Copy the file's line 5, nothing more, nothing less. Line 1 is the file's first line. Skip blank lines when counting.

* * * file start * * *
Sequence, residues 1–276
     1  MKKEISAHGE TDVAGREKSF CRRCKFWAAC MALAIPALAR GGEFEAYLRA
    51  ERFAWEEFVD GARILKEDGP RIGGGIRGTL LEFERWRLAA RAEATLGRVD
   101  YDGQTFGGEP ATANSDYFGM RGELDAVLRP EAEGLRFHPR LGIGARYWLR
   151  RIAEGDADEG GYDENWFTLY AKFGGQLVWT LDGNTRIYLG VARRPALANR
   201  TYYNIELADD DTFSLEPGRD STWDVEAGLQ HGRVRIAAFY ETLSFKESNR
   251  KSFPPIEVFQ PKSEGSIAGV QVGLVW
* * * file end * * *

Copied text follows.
   151  RIAEGDADEG GYDENWFTLY AKFGGQLVWT LDGNTRIYLG VARRPALANR